Alberto Alfaro loved cars. His fascination went beyond how cars look to more about the inner-workings of the engine.
“He would tell me this is how you save the motor,” his mother, Gisela Saenz, recalls.
On February 1st of this year, Alfaro left the house with friends to a car meet in Southwest Miami without telling anybody at home.
“I opened the door of his room and he was laying in the bed on the cell phone. He saw me and threw me a kiss,” Saenz said, explaining that her son knew well she would have not approved him to be out late on a Sunday night.
That was the last time Saenz saw her 17-year-old son conscious.
Alfaro died after a vehicle driven by Sebastian A. Mendoza, 19, lost control at Southwest 137th Avenue at the railroad crossing. Mendoza also died in the crash.
For over two years, residents of the community in southwest Miami complained to county officials about the condition of the railroad crossing on Southwest 137th Avenue and Country Walk Drive. Residents feared that an accident could turn deadly because vehicles would go airborne after hitting the railroad crossing.
NBC 6 Investigators reviewed a trail of emails the attorneys uncovered between county and state officials, CSX representatives and residents dating back to October 2012. CSX Transportation, Inc., the company responsible for the maintenance of the area at the county’s expense, would schedule meetings and later cancel, causing delay after delay from October 2012 until the crossing was repaired a month after Alfaro and Mendoza lost their lives.
“What’s most disturbing about this case is that it could have been avoided,” said Robert Pelier, an attorney representing Saenz on a wrongful death lawsuit against CSX.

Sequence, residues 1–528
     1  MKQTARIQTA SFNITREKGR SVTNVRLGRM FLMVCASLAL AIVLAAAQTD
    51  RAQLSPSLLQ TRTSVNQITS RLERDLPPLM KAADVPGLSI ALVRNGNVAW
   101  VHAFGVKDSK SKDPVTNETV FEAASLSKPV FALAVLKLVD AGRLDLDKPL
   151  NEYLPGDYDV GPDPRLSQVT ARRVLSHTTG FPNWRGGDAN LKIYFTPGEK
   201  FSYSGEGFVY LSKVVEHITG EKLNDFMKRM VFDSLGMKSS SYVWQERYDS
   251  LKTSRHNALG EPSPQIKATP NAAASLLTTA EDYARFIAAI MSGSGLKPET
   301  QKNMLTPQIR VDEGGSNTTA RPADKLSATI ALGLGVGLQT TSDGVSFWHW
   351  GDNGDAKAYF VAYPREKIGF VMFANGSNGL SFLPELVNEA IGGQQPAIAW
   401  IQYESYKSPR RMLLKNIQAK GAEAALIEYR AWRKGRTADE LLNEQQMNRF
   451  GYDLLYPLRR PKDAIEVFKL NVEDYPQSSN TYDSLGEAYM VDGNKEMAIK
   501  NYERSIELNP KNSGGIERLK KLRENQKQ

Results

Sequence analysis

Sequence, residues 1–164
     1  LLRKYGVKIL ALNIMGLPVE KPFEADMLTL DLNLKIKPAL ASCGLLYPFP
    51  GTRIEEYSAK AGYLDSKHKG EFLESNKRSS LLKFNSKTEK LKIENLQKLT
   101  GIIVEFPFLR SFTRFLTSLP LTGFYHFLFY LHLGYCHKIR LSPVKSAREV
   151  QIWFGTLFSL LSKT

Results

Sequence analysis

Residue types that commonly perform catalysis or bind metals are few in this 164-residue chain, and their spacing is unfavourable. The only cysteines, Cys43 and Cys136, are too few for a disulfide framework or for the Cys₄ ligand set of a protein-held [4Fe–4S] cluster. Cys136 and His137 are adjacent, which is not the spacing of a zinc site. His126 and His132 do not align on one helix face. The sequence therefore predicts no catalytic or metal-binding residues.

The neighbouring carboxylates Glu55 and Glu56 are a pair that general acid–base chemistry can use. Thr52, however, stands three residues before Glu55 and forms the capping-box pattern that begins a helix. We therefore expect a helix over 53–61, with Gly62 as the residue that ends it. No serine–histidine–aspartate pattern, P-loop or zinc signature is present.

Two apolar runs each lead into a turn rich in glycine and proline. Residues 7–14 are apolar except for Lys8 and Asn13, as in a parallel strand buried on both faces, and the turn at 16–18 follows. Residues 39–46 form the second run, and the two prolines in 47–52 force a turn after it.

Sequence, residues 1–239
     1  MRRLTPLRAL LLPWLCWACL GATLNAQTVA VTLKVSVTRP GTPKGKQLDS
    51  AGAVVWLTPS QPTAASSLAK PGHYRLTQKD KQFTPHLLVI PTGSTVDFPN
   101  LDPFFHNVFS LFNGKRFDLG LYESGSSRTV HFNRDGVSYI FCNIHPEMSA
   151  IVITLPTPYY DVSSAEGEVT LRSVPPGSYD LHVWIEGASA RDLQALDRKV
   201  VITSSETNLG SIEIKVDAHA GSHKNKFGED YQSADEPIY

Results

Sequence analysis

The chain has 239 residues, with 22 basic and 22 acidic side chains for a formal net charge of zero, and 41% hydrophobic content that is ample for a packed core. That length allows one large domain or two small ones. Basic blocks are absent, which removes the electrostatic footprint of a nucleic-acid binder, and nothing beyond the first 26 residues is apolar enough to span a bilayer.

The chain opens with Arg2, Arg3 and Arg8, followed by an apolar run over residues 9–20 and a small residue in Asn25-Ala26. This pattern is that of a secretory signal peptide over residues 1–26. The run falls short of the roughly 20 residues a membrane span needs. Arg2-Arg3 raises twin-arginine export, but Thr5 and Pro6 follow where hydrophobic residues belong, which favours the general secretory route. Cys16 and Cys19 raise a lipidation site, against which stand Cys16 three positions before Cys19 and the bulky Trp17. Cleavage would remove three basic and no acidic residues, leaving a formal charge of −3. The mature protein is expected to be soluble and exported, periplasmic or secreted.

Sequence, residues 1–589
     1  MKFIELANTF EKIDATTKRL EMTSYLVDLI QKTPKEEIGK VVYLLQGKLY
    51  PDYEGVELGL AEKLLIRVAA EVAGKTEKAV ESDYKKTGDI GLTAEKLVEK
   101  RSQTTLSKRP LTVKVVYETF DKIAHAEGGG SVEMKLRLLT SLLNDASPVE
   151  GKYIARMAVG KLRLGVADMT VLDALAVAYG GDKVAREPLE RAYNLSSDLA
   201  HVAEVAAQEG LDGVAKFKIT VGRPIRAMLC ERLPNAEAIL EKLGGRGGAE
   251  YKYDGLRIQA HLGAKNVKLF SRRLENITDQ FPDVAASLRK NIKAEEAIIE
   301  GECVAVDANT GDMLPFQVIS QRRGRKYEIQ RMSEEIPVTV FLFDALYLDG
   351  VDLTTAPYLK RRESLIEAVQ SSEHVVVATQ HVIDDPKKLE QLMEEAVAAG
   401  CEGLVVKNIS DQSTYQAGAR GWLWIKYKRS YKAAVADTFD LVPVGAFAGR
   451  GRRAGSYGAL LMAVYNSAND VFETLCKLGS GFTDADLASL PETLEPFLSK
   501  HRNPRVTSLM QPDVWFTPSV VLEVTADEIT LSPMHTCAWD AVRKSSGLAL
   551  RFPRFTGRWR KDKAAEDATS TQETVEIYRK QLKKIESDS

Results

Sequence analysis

A Deadly Crash
It was close to midnight on February 1st when Alfaro and his friends were heading back home. Alfaro was sitting in the back of a Honda driven by Mendoza. His friend, Jose A. Molina, 18, sat next to the driver.
The Honda Accord was speeding southbound on Southwest 137th Avenue when the driver lost control as he drove over the railroad tracks. The car struck the west concrete curb, rolled over and struck two residence fences coming to a final rest at the backyard of one of the homes, according to an investigation by the Miami-Dade Police Department.
Surveillance video shows the Honda Accord crashing in the darkness after knocking down a fence. Molina, the only survivor, could be seen emerging from the window of the crashed car.
He later told detectives what happened.
“We were driving in the center lane and my friend got distracted and hit the bump on the railroad and lost control of his car,” the teen told police.
Alfaro, who was thrown from the vehicle, was transported to Kendall Regional Trauma Center where he was pronounced dead on Feb. 2 at 5 p.m. Maldonado was pronounced dead the next morning at the same hospital, records show.
Saenz now wonders if the deadly crash could have been prevented.
Robert Pelier and Jeannette Hernandez-Suarez are representing Saenz in a wrongful death lawsuit filed in Sept. 14, 2015 against the owner of the railroad tracks, CSX Transportation, Inc., one of the nation’s largest railroad companies based in Jacksonville, Fla.
"The county didn’t do anything, CSX who has the contractual responsibility to do what they need to have done, didn’t do anything,” Pelier said. "And it wasn’t until this incredible young man lost his life in an accident that they realized: ‘Hey we better do something about it.'"
CSX, which recently reached an undisclosed settlement with Saenz, declined to comment for this story, but in court filings it denies responsibility for the crash. Instead, CSX attorneys wrote in court filings that speed and not wearing a seat belt contributed to Alfaro’s death. State and county officials, all expecting to be sued as well, won’t comment either.
E-mails Show Growing Concerns
The correspondence between county and state officials, residents and CSX representatives shows a disturbing pattern that went on for over two years without any repairs done on the railroad crossing.